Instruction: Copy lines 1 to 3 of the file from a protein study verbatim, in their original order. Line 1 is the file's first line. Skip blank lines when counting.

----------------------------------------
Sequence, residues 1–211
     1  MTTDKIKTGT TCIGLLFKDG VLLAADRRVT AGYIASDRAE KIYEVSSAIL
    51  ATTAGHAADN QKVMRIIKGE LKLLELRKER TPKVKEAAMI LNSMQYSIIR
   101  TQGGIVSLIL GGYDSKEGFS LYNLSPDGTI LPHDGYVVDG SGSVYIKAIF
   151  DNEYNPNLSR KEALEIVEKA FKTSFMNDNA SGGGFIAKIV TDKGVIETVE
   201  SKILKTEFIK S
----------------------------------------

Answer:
Sequence, residues 1–211
     1  MTTDKIKTGT TCIGLLFKDG VLLAADRRVT AGYIASDRAE KIYEVSSAIL
    51  ATTAGHAADN QKVMRIIKGE LKLLELRKER TPKVKEAAMI LNSMQYSIIR